In regards to child labor, again it is complicated than that especially when the ideological and political bias of the reporter takes precedence over the economic and social reality of the community he or she was reporting to the world. I have grown up in the Philippines and I had seen first hand the grinding poverty that the poor people had to endure daily. One thing foreigners or even their own rich countrymen don’t understand is this. Education takes a back seat when you are always hungry, cold and sick. In the case of child labour, the government from National down to the lowest local government entity is intimately involved as well as the religious leadership with the local companies and the representatives of the multinationals in setting age limits, education and working conditions of children working in these factories. More often than not, families of these children are in attendance when all sides are setting policy for child workers. Believe me, all parties concerned understood the consequences politically, financially and economically when reports of child endangerment and abuses comes out and found true by an outside investigating party. That is the reason why in most cases, when the allegations of child abuse and endangerment are proven true, the government often will bring the hammer down on the company so hard and in some cases in China, the guilty parties are summarily executed and Multinational CEOs often will make an unexpected visit to the local company to not only give the facts of life to the owners but also do a very serious amount of damage control.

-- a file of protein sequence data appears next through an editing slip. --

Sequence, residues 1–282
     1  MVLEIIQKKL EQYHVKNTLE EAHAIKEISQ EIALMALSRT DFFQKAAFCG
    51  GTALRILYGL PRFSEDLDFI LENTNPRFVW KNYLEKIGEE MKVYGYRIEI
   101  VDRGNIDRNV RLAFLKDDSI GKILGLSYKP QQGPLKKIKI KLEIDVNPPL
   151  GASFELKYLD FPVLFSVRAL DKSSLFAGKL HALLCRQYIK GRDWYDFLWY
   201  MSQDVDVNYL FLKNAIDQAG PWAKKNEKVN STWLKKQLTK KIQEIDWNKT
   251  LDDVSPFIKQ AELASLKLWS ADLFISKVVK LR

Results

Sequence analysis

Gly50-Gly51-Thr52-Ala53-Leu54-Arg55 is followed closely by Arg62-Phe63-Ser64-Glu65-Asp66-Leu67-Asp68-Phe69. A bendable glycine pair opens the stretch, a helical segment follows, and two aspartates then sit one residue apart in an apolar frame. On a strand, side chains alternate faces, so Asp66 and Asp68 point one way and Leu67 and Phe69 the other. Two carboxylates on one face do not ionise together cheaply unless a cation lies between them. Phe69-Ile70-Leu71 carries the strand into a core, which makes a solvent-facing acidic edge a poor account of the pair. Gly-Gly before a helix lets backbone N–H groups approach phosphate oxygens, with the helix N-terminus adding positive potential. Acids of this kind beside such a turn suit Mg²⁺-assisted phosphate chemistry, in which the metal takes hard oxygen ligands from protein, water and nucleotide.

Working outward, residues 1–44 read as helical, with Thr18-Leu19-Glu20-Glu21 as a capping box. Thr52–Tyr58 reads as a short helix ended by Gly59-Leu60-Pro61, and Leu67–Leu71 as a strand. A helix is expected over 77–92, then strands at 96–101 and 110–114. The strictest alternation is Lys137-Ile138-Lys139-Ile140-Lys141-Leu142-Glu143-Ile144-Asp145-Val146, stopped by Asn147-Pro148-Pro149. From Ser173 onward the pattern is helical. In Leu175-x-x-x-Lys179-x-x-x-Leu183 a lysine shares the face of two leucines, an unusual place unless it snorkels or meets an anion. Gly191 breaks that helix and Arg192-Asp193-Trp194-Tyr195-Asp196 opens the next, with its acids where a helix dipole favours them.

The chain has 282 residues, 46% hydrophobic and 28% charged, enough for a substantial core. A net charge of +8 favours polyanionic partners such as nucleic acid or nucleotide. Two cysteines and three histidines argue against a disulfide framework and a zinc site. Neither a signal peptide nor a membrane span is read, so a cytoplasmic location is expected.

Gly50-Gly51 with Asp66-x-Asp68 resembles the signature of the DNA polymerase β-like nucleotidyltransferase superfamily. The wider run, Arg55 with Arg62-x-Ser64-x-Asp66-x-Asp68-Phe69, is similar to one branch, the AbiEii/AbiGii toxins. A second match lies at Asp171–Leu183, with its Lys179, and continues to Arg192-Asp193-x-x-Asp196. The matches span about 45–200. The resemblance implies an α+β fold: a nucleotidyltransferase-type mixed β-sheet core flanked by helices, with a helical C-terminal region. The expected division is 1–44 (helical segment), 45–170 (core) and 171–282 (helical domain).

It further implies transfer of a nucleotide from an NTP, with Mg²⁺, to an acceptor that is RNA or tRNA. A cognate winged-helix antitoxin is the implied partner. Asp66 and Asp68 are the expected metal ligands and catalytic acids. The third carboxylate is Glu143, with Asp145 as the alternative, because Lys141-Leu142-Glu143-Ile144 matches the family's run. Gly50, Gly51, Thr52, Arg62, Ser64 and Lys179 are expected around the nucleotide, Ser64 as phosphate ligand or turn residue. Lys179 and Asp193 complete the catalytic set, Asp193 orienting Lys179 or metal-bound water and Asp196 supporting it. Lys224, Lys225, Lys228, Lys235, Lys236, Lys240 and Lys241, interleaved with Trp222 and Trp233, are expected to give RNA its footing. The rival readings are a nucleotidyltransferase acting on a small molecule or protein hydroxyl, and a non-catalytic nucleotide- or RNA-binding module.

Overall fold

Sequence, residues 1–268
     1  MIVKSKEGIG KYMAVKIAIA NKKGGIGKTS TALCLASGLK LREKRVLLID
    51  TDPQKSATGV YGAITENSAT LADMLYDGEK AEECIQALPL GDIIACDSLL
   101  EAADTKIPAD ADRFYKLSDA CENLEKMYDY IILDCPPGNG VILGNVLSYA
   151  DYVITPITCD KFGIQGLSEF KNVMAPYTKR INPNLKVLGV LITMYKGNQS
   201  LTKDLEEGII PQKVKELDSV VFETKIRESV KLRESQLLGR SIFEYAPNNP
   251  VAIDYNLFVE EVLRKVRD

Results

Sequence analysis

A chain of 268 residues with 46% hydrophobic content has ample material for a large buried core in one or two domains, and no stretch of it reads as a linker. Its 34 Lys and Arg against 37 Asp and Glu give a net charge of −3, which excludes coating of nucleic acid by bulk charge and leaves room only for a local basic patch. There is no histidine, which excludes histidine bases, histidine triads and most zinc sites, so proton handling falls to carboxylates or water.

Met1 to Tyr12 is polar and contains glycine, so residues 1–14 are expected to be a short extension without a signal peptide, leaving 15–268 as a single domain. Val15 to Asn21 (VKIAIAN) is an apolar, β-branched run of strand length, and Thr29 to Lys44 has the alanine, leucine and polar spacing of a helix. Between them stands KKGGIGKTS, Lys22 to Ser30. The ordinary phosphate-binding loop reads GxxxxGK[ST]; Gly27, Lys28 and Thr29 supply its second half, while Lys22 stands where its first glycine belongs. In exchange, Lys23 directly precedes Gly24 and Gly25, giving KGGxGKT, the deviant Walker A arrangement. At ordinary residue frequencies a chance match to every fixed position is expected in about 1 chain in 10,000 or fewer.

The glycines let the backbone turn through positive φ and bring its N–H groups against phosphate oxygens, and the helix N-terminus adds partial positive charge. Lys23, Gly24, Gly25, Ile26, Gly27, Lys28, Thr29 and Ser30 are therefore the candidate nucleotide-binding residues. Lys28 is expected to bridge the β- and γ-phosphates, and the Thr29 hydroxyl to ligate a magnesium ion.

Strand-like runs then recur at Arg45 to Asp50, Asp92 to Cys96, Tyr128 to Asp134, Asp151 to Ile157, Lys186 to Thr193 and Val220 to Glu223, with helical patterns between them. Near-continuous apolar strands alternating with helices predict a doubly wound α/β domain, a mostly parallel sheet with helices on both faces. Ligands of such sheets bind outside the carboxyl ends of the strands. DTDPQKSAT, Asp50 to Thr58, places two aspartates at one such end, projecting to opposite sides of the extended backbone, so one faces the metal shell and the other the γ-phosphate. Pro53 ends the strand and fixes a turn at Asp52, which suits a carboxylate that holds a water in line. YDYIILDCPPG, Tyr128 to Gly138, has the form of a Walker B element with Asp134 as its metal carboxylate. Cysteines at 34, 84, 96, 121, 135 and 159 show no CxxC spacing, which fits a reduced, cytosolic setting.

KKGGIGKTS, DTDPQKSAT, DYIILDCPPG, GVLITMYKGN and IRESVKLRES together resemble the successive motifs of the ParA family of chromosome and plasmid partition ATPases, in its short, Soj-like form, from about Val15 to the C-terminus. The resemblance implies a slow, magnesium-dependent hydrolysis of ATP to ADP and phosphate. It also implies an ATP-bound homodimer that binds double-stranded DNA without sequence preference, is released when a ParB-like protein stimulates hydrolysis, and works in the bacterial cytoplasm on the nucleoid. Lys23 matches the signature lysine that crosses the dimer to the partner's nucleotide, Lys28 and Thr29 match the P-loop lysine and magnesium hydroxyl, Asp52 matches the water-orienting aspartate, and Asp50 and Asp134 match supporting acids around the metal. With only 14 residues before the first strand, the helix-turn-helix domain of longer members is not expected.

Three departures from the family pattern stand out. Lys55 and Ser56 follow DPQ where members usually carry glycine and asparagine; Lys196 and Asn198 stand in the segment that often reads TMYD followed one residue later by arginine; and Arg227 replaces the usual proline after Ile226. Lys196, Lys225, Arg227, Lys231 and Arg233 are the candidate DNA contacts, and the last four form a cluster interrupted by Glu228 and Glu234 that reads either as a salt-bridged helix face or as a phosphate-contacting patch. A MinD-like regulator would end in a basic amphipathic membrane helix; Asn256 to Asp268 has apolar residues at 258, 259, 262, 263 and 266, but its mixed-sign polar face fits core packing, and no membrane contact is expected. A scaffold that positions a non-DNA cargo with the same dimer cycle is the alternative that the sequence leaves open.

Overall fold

To those working children and the so called slave labourers, their choices are very limited. Would you prefer them to continue being hungry, dependent on a corrupt government, under educated or perhaps you prefer them to be prostitutes or criminals preying on others to get ahead or if you boycott the Multinationals who subcontract their manufacturing to Third World countries, you consigned these poor souls to a life of real slave labor and child abuse in the false belief that you have saved their lives.

    You and I may not like the arrangements but if this would lead them to have the education and the skills to get them not only out of poverty but to live a better life than they had before, that’s a price I am willing to live with rather than accepting your premise that would lead many of them in hopeless misery.

  • Richard Benson


    I take your point but the extent of actual slavery (ie being sold to someone who makes you work without paying wages) in India is pretty well documented. The Telegraph covers it as well as The Observer!


  • Oh I don’t think anyone *here* would defend actual slavery, Richard.

  • Nick (nice-guy) Gray

    Well, when we’ve wiped out human slavery, won’t we need to worry about the robots rising up and ridding themselves of the parasitic human class, and running the world for themselves?

  • Veryretired

    Two points I find interesting.